Milada Součková

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Milada Součková
Born24 January 1898
Prague, Austro-Hungarian Empire
Died1 February 1983
Cambridge, Massachusetts, United States
SubjectHistory, poetry, fiction
SpouseZdenek Rykr

Milada Součková (24 January 1898 – 1 February 1983) was a Czech writer, literary historian, and diplomat. She is known mainly for introducing to Czech literature Modernist techniques employed by English-language writers such as Laurence Sterne, James Joyce, and Virginia Woolf.


Milada Součková was born into a wealthy family in Prague. She studied at the prestigious Minerva High School together with Milena Jesenská. From 1918 she studied science at Charles University in Prague, graduating in 1923 with a thesis on plant life. In 1923–24 she attended the University of Lausanne and met her future husband, the painter Zdenek Rykr. She wrote for several newspapers and journals, met the Russian linguist Roman Jacobson, and in 1936 became a member of the Prague Linguistic Circle. In 1940 her husband committed suicide to avoid falling into the hands of the Gestapo, and Součková left Prague to live in the countryside. During the occupation, she collaborated with writer Vladislav Vančura on his monumental work Obrazy z dějin národa českého (Pictures From the History of the Czech Nation) until Vančura was arrested by the Gestapo.

In 1945, after World War II, she was appointed cultural attaché at the Czechoslovak Embassy in Washington.[1] In protest of the Czechoslovak coup d'état of 1948, she remained in the United States as an émigré. Jacobson helped her to enter an academic career in Czech studies, serving between 1950 and 1962 at Harvard University, then at the University of Chicago, and from 1970 to 1973 at the University of California, Berkeley. In 1959, she was awarded a Guggenheim Fellowship for the study of Slavic literature.[2] For the rest of her life, she worked as a librarian at Harvard's Widener Library. In 1986, after her death, Harvard College established the Milada Součkova Bequest, "for the purchase and use of Czech and Slovak books for the Harvard University Library known as Widener Library."[3]

In 2016, director Andrea Culková released H*art On, a documentary about the lives of Součková and her husband, Zdenek Rykr. In the film, Součková is portrayed by Czech musical artist Sonja Vectomov.[4][5]


The first literary experiments of Milada Součková were influenced by James Joyce and surrealism. Most of her prose work is stream of consciousness, imaginative, but sober. In her best works she experiments with language, but describes mostly the common daily life. In the US, she wrote mostly poetry in Czech and theoretical works in English. At home, she was unable to publish her literary work, either under the Nazis or under the Communists. Her last novel, Neznámý člověk (1962), was published in exile. Her collected works in Czech were issued in 11 volumes, from 1995 to 1997 by ERM (První písmena and Amor a Psyché),[6] then from 1997 to 2010 by Prostor (all the rest).[7] In 2010, Prostor received a Magnesia Litera for Publishing Achievement, in recognition of the importance of publishing Součková's work.[8]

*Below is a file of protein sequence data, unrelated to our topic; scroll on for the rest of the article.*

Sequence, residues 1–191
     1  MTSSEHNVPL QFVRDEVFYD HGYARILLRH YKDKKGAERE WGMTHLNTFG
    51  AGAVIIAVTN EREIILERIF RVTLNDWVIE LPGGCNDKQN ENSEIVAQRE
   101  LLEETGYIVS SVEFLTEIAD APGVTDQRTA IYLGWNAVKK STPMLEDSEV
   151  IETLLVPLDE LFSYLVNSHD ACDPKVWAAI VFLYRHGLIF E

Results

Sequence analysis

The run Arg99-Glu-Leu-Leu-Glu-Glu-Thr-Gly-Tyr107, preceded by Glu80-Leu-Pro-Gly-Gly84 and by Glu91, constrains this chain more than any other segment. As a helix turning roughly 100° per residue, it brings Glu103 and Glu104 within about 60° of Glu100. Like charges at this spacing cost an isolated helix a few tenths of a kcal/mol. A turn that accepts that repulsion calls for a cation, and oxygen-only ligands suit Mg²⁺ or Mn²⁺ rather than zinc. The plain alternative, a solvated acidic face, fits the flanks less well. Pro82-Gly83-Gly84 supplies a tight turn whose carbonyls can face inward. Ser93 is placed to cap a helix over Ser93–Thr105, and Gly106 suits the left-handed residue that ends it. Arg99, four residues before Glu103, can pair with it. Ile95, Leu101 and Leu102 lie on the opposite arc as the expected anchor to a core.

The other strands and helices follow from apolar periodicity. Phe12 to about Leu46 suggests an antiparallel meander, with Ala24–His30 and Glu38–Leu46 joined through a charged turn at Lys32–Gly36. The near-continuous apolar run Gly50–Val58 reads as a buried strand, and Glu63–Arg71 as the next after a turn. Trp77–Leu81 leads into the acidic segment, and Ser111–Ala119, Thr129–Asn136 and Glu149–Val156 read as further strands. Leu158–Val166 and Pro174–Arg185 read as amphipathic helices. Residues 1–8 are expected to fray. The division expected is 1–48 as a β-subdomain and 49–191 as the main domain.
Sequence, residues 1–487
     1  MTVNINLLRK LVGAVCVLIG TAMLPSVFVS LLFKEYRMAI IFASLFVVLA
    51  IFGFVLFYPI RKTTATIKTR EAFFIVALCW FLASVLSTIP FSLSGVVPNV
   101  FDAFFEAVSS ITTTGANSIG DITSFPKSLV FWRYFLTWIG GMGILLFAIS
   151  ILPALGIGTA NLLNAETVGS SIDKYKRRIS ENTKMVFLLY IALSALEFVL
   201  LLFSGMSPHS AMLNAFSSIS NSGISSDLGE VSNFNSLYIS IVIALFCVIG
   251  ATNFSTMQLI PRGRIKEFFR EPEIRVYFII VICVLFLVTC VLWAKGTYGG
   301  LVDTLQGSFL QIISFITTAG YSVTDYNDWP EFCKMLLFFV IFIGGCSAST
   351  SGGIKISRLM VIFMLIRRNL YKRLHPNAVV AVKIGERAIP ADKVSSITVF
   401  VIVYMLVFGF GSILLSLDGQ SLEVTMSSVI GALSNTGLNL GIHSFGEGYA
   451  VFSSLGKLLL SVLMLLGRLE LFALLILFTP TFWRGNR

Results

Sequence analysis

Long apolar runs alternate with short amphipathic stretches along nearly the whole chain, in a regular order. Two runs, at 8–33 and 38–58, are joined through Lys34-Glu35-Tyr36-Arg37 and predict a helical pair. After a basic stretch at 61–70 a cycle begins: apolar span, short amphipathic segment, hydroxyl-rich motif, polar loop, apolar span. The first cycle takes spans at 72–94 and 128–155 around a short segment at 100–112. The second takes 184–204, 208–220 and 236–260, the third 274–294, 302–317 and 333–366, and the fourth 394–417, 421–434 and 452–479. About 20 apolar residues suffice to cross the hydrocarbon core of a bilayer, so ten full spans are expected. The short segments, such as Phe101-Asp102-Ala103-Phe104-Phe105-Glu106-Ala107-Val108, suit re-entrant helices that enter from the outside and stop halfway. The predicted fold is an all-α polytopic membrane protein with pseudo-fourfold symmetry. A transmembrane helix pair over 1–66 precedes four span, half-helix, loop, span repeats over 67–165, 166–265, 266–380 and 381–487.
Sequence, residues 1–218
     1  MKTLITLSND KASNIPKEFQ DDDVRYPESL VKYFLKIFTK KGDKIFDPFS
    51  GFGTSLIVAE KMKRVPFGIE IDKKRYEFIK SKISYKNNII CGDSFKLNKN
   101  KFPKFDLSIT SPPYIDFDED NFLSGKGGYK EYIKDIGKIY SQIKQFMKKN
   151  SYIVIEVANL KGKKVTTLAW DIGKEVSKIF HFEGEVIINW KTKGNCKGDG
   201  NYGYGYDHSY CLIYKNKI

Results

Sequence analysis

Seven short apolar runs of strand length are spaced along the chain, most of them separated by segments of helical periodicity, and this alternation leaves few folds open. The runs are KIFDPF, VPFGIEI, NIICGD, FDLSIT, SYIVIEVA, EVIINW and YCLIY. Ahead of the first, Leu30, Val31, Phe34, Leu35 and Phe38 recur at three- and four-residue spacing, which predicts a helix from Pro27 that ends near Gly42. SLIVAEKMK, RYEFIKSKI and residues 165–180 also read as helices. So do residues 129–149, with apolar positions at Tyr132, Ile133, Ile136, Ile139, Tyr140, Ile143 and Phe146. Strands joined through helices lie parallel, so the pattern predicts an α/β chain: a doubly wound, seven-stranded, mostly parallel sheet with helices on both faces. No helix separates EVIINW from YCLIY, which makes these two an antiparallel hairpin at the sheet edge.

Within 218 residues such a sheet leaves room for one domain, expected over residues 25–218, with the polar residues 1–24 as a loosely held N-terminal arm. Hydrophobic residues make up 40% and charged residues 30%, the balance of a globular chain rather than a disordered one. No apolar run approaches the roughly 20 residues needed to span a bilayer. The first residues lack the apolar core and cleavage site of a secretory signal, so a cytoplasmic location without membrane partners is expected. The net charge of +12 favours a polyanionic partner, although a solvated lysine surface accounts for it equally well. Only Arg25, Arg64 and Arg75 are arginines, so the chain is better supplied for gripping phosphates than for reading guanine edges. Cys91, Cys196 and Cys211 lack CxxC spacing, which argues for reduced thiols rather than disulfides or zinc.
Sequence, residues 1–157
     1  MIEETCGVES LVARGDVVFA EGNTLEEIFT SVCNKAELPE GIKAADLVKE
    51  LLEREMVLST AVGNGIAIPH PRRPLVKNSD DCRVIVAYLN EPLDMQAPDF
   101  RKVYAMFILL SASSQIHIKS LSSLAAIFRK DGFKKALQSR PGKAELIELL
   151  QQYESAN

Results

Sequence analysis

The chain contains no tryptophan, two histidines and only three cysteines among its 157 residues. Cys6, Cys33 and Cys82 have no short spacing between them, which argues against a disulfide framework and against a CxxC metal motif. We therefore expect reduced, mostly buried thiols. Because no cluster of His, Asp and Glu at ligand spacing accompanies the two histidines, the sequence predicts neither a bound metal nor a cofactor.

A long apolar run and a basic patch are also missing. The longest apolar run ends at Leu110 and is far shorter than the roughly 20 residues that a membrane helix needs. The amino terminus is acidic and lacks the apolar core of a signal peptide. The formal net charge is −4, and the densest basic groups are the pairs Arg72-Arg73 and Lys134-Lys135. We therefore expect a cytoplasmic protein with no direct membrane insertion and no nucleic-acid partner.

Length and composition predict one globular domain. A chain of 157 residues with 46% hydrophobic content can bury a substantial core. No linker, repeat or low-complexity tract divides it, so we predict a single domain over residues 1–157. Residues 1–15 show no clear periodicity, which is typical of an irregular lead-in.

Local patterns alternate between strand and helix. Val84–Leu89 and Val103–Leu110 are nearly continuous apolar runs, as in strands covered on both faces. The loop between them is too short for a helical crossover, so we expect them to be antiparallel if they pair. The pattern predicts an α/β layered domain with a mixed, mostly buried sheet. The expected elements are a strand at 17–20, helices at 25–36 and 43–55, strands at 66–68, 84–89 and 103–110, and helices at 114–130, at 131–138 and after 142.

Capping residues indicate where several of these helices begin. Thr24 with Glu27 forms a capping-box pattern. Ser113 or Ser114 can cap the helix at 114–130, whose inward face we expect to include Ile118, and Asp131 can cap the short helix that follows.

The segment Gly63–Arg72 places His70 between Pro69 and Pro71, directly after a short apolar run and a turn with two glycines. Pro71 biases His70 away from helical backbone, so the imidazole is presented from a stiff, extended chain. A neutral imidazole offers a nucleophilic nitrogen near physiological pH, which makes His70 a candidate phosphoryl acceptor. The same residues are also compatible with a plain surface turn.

• První písmena (First Letters), 1934
  • Amor a psyché (Amor and Psyche), 1937
  • Odkaz (The Legacy), 1940
  • Zakladatelé (The Founders), 1940
  • Bel canto, 1944
  • Hlava umělce (The Artist's Head), 1944
  • Neznámý člověk (The Unknown Person), 1962; Der unbekannte Mensch (German translation; Stuttgart: Deutsche Verlags-Anstalt, 1999)


  • Gradus ad Parnassum (Steps to Parnassus), 1957
  • Pastorální suita (Pastoral Suite), 1962
  • Sešity Josephiny Rykrové (The Notebooks of Josephina Rykrová), 1981

Literary history[edit]

  • A Literature in Crisis: Czech Literature 1938–1950 (New York: Mid-European Studies Center, National Committee for a Free Europe, 1954)
  • The Czech Romantics (The Hague: Mouton & Co., 1958)
  • The Parnassian Jaroslav Vrchlický (The Hague: Mouton & Co., 1964)
  • A Literary Satellite: Czechoslovak-Russian Literary Relations (Chicago: University of Chicago Press, 1970)
  • Baroque in Bohemia (Ann Arbor: University of Michigan Press, 1980)


  1. ^ "Milada SOUČKOVÁ". Retrieved 18 April 2019.
  2. ^ "John Simon Guggenheim Foundation | Milada Součkova". Retrieved 18 April 2019.
  3. ^ "Harvard College Library Funds". Retrieved 18 April 2019.
  4. ^ Jægtnes, H. S., "The artist’s talking head", Modern Times, 28 Oct 2016 (translated from Norwegian, "Kunstnerens snakkende hode", Ny Tid, 13 Oct 2016).
  5. ^ Institute of Documentary Film, HART*ON Archived 14 November 2016 at the Wayback Machine, Czech Republic, France, 2016.
  6. ^ "ERM - edice". Databáze knih. Retrieved 18 April 2019.
  7. ^ "Milada Součková [PROSTOR nakladatelství - online knihkupectví]". PROSTOR nakladatelství - online knihkupectví (in Czech). Retrieved 18 April 2019.
  8. ^ "Dílo Milady Součkové". Magnesia Litera (in Czech). Retrieved 18 April 2019.


  • Suda, Kristián: Eine unbekannte Autorin. Unbekannte Prosa. Ein unbekannter Mensch. Nachwort in: Milada Součková: Der unbekannte Mensch. Stuttgart 1999: Deutsche Verlags-Anstalt. S. 231–243. (German)

External links[edit]